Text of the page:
> > tests?
> I am not sure, maybe the QA team can weigh in on this.
>
> > For a relatively small project, such approaches are conceivable.  For
> > something the size of an installed Ubuntu (pick your favorite flavor)
> > system, I think we're a long ways away from being sufficiently
> > instrumented with tests.
> I agree: I think automated testing is going to be essential here to
> *assure* quality across the system. I think we would need ensure that
> we have good test coverage across the core components.

I agree.  My main point is that such things are pre-requisites to a new
release model.  We don't have them, so we should get them before we change to
something we're not ready to support.

Scott K

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Re: reflecting on first UDS session on "rolling releases"

Jono Bacon-3
On Tue, Mar 5, 2013 at 8:13 PM, Scott Kitterman <[hidden email]> wrote:
> I agree.  My main point is that such things are pre-requisites to a new
> release model.  We don't have them, so we should get them before we change to
> something we're not ready to support.

My feeling here is that new processes and models need to have a level
of assurance that it is going to work. I am not averse to taking
risks, but there needs to be (a) a reasonable amount of reward to
justify the risks, and (b) enough assurance to ensure that the change
is not reckless. Of course the challenge in a community such as ours
is that we all have different definitions of risk and assurance - I
think the trick in this discussion is finding a good middle ground of
what is considered acceptable risk and requisite assurances.

   Jono

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Re: reflecting on first UDS session on "rolling releases"

Robert Collins
In reply to this post by Scott Kitterman-3
On 6 March 2013 17:13, Scott Kitterman <[hidden email]> wrote:

> On Tuesday, March 05, 2013 08:07:36 PM Jono Bacon wrote:
>> On Tue, Mar 5, 2013 at 7:43 PM, Scott Kitterman <[hidden email]>
> wrote:
>> > What percentage of code in the default install is covered by automated
>> > tests?
>> I am not sure, maybe the QA team can weigh in on this.
>>
>> > For a relatively small project, such approaches are conceivable.  For
>> > something the size of an installed Ubuntu (pick your favorite flavor)
>> > system, I think we're a long ways away from being sufficiently
>> > instrumented with tests.
>> I agree: I think automated testing is going to be essential here to
>> *assure* quality across the system. I think we would need ensure that
>> we have good test coverage across the core components.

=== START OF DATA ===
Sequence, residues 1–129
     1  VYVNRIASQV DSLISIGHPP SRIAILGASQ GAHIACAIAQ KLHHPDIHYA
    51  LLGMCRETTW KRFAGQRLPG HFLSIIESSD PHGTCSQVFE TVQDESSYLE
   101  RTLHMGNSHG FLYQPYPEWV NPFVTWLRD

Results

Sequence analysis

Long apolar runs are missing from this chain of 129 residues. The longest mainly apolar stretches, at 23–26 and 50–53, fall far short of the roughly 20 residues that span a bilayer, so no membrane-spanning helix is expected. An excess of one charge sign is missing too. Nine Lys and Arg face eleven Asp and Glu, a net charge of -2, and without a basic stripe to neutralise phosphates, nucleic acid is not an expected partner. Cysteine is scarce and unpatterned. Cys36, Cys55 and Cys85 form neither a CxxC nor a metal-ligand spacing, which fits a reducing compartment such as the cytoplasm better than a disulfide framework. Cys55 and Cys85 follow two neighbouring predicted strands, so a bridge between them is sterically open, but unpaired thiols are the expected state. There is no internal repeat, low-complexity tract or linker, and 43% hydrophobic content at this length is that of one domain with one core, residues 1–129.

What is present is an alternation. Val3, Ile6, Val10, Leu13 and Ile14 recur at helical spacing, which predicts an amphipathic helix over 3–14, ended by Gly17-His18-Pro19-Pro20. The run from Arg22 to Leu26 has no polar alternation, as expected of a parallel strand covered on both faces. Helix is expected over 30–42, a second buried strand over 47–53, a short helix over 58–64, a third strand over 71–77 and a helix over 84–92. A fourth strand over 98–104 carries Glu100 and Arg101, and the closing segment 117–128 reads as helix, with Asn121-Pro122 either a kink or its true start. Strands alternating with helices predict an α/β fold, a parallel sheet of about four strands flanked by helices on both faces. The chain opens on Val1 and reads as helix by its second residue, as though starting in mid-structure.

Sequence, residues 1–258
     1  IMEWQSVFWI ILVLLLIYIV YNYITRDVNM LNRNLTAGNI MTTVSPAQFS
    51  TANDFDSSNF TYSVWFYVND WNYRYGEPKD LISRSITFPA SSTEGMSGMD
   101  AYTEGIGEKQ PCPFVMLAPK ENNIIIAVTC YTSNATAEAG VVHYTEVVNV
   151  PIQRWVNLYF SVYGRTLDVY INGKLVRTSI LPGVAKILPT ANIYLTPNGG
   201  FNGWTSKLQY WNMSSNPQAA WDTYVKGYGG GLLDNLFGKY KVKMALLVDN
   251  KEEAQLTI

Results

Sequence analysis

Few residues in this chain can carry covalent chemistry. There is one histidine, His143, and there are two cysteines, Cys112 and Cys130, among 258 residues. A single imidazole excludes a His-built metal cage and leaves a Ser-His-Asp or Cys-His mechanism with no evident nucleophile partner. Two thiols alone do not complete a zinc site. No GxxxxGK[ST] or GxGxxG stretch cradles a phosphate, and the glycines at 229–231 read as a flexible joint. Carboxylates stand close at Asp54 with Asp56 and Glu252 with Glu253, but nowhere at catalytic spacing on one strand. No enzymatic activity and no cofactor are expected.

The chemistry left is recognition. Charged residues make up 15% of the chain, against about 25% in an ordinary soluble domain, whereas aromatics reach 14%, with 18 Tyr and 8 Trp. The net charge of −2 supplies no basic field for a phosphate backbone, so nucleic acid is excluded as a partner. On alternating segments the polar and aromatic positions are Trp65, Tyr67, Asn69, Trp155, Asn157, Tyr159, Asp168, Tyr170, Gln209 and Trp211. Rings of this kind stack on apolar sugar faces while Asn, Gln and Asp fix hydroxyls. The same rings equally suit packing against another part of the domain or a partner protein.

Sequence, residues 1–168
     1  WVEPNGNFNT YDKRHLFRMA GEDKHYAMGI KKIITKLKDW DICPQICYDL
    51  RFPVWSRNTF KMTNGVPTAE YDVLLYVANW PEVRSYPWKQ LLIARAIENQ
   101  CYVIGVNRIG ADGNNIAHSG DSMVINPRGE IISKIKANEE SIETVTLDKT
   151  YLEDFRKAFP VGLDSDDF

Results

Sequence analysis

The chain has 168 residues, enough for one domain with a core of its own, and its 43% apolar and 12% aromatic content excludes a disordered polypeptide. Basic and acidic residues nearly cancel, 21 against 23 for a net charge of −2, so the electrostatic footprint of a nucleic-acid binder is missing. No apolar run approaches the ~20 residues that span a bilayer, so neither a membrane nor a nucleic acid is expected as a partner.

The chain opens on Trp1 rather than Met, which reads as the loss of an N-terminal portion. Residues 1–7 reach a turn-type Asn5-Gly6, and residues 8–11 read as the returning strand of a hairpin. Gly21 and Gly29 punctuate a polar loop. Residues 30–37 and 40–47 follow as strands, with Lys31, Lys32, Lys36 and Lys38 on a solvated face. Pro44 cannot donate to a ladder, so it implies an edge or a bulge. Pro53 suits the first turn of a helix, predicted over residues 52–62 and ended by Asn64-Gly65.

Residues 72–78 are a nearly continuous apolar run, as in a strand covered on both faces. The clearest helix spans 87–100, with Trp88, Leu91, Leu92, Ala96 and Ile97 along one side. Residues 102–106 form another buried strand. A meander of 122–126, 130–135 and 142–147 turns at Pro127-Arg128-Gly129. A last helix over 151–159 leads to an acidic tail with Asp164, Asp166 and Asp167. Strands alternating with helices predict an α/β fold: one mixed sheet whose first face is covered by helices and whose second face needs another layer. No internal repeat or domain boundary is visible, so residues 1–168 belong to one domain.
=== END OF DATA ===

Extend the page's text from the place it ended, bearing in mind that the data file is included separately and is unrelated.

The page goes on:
>
> I agree.  My main point is that such things are pre-requisites to a new
> release model.  We don't have them, so we should get them before we change to
> something we're not ready to support.

I don't see them as strict pre-requisites. Its like this: if you have
500% coverage you can still ship broken code. (100% coverage is not
complete coverage, because all (open source) coverage tools todate can
at most report branch coverage, not domain and range coverage (though
a http://en.wikipedia.org/wiki/Symbolic_execution based coverage
analysis would be pretty close). Once you have complete coverage all
you know is that you have claimed that your code should do what it
does, *not* that that is correct: you can still violate the
expectations of third party libraries and that leads to bugs.

What not enough tests *actually* means is that individual developers
making changes need to think harder. While there is a safety barrier
of 'noone really uses this' there is no driver for contributors to pay
attention to detail : they can fix any issue by another upload.
Exactly what conclusion to draw from that I'm not sure; will leave it
as an exercise for the reader.

-Rob

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Re: reflecting on first UDS session on "rolling releases"

Scott Kitterman-3
Robert Collins <[hidden email]> wrote:

>On 6 March 2013 17:13, Scott Kitterman <[hidden email]> wrote:
>> On Tuesday, March 05, 2013 08:07:36 PM Jono Bacon wrote:
>>> On Tue, Mar 5, 2013 at 7:43 PM, Scott Kitterman
><[hidden email]>
>> wrote:
>>> > What percentage of code in the default install is covered by
>automated
>>> > tests?
>>> I am not sure, maybe the QA team can weigh in on this.
>>>
>>> > For a relatively small project, such approaches are conceivable.
>For
>>> > something the size of an installed Ubuntu (pick your favorite
>flavor)
>>> > system, I think we're a long ways away from being sufficiently
>>> > instrumented with tests.
>>> I agree: I think automated testing is going to be essential here to
>>> *assure* quality across the system. I think we would need ensure
>that
>>> we have good test coverage across the core components.
>>